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Jakarta globe

by Jennie S. Bev

Prior to Socrates (469-399 BC), there were the Monists and the Sophists. While the Monists subscribed to superstitious primitive beliefs, the Sophists were much more sophisticated. They taught and philosophized. Above all, they were well-versed in the arts of rhetoric and debate.

These sophists might still be alive and kicking today, far closer than we realize.

The arts of rhetoric and debate were called “sophistry” and those who mastered them would become advanced manipulators. In the hands of truth-seeking philosophers like Socrates, it was an effective tool. In the hands of politicians, it had the potential to make them charlatans.

Today, sophists might no longer exist officially but they are likely to remain within the realm of politics, particularly during an election period. The United States and Indonesia are no exception. George Eliot once said, “An election is coming. Universal peace is declared and the foxes have a sincere interest in prolonging the lives of the poultry.”

While Eliot was referring to particular side-tracked politicians, it is often inevitably true.

It might be true that Barack Obama, who sounded sincere, has been showing genuine interest in saving the world through his conscientious deeds, which started with the order to close the Guantanamo Bay prison within one year and meaningful talks with Middle East leaders. Yet there are also antitheses of Obama, those whose political platforms might ring with universal world peace but whose real intention is anything but.

In the 2009 election period, Indonesia has begun to see all kinds of political gladiators. As in high school, the most popular individuals enjoy high approval due to superficial, subliminal and not-so-intellectual reasons, and are likely to win the crowd and the votes. Among them are wild wolves and tame yellow Labradors, both of whom speak and behave quite similarly.

Sophistry is in full swing and constituents might not be able to determine which of the candidates are legitimate.

Ronald Reagan said humorously that “Politics is supposed to be the second oldest profession. I have come to realize that it bears a very close resemblance to the first.” With a lot of respect for the people behind the “oldest profession” facade, selling is what both have in common.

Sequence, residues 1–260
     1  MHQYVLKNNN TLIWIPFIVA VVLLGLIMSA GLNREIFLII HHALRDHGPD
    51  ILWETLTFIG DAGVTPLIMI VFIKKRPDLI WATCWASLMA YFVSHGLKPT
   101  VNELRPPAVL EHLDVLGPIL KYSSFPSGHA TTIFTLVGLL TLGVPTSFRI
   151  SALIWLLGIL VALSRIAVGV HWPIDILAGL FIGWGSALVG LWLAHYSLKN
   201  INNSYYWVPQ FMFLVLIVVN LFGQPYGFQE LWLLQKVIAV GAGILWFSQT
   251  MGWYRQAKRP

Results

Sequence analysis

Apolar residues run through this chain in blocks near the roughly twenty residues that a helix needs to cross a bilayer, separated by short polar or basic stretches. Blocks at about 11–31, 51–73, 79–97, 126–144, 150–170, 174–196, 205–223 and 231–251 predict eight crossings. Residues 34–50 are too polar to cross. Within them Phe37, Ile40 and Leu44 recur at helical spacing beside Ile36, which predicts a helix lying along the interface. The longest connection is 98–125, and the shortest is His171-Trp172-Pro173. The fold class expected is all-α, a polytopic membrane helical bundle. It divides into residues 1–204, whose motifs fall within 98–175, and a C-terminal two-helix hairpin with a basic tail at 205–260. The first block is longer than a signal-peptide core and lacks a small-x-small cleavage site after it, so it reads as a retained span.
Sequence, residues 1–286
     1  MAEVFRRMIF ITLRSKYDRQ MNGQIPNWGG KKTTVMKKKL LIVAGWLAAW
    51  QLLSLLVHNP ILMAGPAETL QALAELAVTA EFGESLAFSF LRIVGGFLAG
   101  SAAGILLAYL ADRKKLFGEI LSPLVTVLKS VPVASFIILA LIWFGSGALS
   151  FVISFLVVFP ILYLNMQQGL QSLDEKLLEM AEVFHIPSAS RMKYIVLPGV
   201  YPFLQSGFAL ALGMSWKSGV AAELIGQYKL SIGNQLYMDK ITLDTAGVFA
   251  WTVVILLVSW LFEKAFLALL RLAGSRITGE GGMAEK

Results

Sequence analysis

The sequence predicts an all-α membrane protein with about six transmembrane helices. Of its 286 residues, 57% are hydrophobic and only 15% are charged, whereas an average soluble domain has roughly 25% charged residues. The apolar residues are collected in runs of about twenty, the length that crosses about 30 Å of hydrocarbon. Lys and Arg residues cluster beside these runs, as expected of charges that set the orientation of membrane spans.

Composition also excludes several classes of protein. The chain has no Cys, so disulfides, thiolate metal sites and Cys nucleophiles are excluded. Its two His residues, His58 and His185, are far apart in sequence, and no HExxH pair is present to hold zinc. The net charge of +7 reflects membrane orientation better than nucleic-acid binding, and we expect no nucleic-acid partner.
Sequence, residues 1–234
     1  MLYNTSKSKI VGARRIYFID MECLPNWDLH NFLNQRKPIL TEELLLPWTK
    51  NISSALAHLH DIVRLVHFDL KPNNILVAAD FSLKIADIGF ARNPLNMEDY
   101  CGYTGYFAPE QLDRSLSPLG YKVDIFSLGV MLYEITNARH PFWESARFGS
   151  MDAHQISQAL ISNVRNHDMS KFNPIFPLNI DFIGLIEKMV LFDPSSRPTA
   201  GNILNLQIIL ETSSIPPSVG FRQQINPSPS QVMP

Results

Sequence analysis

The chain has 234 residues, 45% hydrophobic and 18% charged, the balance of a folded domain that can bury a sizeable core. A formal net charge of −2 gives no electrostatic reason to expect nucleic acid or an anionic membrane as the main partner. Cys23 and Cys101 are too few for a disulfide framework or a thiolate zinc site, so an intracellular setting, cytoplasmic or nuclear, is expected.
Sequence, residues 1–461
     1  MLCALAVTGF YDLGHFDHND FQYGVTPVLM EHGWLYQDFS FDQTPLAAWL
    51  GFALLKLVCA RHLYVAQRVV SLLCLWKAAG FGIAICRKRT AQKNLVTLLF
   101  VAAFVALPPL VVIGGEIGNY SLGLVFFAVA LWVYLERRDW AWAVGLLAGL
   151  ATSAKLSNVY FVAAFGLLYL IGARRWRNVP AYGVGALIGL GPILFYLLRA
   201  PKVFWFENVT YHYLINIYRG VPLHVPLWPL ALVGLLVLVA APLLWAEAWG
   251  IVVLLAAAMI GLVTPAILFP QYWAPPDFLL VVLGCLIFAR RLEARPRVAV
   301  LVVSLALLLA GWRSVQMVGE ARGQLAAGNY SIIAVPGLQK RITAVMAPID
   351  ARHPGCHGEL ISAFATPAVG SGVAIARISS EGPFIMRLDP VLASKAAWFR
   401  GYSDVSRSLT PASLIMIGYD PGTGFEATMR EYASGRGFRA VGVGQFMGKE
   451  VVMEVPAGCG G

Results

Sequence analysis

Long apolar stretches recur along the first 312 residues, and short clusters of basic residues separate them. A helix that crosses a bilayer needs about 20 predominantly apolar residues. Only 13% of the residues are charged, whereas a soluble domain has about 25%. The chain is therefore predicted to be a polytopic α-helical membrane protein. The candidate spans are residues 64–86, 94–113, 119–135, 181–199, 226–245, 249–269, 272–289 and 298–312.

Sophists were known for their notorious manipulative nature. In Indonesia’s political arena, many political gladiators have been positioning themselves to win people’s hearts by marketing personal piety through different symbols, flamboyant rhetorics and extravagant promises, mostly without any clear, quantifiable or measurable indicators. In the United States, winning hearts comes by winning minds first, which is the other way around in Indonesia.

It might be too early to use Obama as the poster child of the New Deal’s comeback. He did, however, raise the bar for all politicians. He has set an example that rhetoric and debate are not the only useful apparatuses in convincing voters and opponents, but so was the search for “the truth” and “the just.” He showed that the substance of an argument rings much louder than egotistical tongue-twisting assurance.

In the latest 2008 presidential election campaign in the United States, street-level euphoria, such as titanic banners and posters by traffic lights, were not found. Most campaigns were conducted indoors and in the media. Rage was kept to a minimum and whenever it occurred, intellectual fencing matches followed. This is believed to have reduced sophistry to a controllable level.

The 2009 presidential election campaign in Indonesia might not be a perfect democratic event, but at least it looks like one, sprinkled with sophists’ typical look-like-one-but-not-one logic of being a charlatan. Friendly and reliable-looking candidates are expected to receive more votes, regardless of their true character and capacity to make positive changes in society.

Among the less educated and somewhat naive voters, simple gestures of culturally induced politeness might even be key. Aesthetics and superficial customs are likely to replace ethics and morality. Japanese American novelist Kyoko Mori once referred to this phenomenon as “polite lies.”

As long as Indonesia’s politicians have not realized the importance of substance in their agenda, such as dignity and self-sufficiency instead of hoping for foreign assistance for most problems, “the truth” and “the justice” seeker will remain dormant. And they will keep sophistry looming among an unpretentious crowd.

Perhaps it is time to resurrect Socrates.[]

The Jakarta Globe, February 1, 2009

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